The house at 349 Jonathan Trumbull Highway (Route 6) in Andover was built in 1749 to be the residence (Parsonage) of Rev. Samuel Lockwood (1721-1791), the first minister of Andover’s First Congregational Church. The house originally stood just to the east of its current location. It was moved in 1927 to make way for the construction of the Andover Public Library. At that time the house was most likely turned as well, so that its gable-end now faces the road.
Rev. Samuel Lockwood is described in Vol. I of William B. Sprague’s Annals of the American Pulpit, reprinted in Descendants of Robert Lockwood: Colonial and Revolutionary History of the Lockwood Family in America, from A.D. 1630 (1889):
Samuel Lockwood was descended from a highly respectable family, and was born at Norwalk, Conn., November 30th, 1721. He was the son of James and Lydia (Smith) Lockwood. He was graduated at Yale College in 1745. He pursued his theological studies under the direction of his brother, the Rev. James Lockwood, who had at that time been settled for several years as pastor of the church in Wethersfield.
An ecclesiastical society in Andover, Conn., having been formed in 1747 from the three towns of Coventry, Lebanon and Hebron, Mr. Lockwood, shortly after he was licensed to preach, was employed by that society as a candidate for settlement. He commenced his labors there about the beginning of 1748, when the parish voted “to hire him to preach as a probationer,” they passed this additional, and, as it would seem at this day, superfluous vote, that ” Mr. Lockwood may change with any orthodox minister to preach to us when he shall see cause.” Having after the manner of those days undergone a long probation among them as a candidate, he was ordained as pastor February 25th, 1749, O. S., the church having been constituted on the preceding day. The ordination sermon was preached by his brother the minister of Wethersfield. He continued in the faithful discharge of the duties of his office upwards of forty years.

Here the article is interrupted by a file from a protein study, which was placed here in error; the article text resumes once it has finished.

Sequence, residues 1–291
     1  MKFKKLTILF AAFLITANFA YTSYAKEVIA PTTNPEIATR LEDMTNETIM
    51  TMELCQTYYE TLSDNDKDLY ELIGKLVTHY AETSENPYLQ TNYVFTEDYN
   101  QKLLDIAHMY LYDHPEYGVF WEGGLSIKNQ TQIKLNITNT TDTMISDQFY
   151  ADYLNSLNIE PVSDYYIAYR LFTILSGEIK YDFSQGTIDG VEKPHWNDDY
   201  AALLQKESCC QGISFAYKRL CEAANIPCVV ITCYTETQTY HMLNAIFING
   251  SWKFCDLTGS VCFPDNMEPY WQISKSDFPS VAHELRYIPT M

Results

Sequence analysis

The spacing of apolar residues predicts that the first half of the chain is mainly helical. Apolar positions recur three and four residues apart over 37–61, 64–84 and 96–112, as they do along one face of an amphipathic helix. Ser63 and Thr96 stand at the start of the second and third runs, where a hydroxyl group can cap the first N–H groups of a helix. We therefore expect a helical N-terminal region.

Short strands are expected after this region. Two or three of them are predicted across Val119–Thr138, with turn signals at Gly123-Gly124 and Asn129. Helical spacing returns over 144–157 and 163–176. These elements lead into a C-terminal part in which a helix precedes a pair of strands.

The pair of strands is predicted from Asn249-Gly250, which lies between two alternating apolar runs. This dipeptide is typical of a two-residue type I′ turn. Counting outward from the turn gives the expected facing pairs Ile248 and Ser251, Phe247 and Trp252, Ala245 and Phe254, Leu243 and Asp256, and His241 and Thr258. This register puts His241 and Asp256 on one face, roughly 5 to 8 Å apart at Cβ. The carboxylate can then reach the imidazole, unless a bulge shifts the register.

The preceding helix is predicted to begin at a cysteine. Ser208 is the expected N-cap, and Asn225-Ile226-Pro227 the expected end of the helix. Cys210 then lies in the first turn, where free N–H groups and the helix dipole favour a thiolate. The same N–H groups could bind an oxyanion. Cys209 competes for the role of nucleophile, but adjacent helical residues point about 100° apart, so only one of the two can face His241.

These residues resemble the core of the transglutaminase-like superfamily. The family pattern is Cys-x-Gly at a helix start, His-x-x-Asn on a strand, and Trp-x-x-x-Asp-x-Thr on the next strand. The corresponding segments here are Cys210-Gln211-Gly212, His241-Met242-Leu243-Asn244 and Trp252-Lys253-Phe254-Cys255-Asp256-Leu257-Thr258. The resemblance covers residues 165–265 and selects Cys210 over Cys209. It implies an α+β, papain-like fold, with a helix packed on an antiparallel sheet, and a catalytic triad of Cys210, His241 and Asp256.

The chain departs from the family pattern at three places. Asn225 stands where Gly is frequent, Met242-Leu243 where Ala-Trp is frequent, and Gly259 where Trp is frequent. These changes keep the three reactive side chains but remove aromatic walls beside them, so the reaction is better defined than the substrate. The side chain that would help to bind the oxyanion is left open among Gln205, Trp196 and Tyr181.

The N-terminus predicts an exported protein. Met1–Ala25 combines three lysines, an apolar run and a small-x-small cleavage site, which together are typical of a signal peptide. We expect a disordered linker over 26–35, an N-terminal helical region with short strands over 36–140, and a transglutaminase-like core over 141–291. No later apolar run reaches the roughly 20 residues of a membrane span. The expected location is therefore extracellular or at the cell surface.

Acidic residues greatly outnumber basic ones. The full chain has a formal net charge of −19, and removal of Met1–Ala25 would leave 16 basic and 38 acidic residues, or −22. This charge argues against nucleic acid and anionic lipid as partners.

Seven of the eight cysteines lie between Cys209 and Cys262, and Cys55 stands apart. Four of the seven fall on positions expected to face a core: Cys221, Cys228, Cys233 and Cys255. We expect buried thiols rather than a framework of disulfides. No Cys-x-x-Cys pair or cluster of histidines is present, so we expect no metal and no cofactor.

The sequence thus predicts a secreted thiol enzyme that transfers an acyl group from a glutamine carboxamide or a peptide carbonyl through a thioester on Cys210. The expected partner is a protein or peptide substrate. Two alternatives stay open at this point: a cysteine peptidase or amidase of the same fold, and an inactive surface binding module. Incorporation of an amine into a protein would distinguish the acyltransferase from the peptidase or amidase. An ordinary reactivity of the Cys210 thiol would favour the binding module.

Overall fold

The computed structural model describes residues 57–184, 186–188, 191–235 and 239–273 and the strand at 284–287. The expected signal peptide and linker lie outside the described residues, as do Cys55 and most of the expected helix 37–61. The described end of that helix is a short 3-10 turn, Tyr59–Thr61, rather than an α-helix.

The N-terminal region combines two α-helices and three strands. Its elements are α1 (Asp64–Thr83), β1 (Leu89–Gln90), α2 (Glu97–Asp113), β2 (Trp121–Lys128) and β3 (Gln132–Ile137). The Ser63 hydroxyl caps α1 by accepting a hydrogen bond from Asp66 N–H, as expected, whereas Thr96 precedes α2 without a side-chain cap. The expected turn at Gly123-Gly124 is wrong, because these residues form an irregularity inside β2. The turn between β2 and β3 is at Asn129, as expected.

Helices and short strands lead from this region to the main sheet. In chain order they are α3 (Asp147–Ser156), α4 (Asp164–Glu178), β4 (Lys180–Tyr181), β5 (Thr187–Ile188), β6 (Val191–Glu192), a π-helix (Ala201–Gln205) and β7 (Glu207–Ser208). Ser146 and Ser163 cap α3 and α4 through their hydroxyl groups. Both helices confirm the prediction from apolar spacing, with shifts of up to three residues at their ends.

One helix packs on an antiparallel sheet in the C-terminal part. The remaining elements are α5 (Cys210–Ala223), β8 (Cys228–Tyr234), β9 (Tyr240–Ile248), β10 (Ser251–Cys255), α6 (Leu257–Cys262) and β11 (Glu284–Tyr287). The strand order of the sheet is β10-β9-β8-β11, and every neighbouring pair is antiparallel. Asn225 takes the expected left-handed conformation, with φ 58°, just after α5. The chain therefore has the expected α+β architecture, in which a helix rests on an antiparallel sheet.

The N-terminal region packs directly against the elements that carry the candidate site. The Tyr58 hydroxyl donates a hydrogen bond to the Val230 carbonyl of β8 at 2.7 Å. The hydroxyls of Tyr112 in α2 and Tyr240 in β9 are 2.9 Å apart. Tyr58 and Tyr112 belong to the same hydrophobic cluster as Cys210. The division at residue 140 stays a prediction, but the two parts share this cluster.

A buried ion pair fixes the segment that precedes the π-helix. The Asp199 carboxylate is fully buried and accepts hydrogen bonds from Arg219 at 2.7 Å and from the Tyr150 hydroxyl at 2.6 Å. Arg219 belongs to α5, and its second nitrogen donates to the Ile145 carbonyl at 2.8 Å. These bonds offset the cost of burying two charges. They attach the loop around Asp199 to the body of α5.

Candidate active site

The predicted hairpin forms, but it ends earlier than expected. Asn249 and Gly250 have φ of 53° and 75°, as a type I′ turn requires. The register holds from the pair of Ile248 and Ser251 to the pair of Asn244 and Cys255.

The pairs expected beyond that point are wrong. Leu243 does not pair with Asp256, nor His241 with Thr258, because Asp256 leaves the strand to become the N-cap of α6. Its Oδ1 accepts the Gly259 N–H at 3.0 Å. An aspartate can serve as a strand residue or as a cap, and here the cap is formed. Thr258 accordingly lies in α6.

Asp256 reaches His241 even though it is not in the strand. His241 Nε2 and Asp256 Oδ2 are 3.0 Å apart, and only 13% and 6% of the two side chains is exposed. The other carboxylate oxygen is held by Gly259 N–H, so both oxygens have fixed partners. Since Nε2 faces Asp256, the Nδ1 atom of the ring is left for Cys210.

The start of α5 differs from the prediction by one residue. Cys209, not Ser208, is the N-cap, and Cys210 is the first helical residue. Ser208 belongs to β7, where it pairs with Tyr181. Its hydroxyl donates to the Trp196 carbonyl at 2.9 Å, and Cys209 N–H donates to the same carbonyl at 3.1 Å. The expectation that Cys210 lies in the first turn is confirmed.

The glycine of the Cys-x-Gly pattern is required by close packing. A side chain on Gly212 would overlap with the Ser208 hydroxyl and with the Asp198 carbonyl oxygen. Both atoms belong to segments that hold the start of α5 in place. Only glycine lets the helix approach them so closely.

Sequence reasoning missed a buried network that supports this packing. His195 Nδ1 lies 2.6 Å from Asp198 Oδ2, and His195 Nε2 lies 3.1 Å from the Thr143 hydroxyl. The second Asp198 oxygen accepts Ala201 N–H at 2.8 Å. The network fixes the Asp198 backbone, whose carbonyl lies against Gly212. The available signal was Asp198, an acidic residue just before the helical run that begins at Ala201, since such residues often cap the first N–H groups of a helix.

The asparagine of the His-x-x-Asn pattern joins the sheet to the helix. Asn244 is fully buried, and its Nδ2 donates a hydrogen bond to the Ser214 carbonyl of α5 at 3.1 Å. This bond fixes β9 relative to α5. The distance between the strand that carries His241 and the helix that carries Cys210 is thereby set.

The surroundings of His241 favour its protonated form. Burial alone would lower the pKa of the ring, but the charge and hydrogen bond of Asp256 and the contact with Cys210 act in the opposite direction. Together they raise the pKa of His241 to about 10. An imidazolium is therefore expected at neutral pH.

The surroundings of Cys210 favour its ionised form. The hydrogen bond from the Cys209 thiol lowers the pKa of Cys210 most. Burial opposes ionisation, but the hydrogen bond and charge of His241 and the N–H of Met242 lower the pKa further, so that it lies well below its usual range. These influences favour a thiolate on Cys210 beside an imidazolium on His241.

[. . .] In 1774 he was appointed to preach the annual sermon before the Legislature of the State, and though there is nothing in it to indicate remarkable powers of mind, it is, nevertheless, a judicious, patriotic and well-adapted discourse. It is the only acknowledged production of his that was ever printed.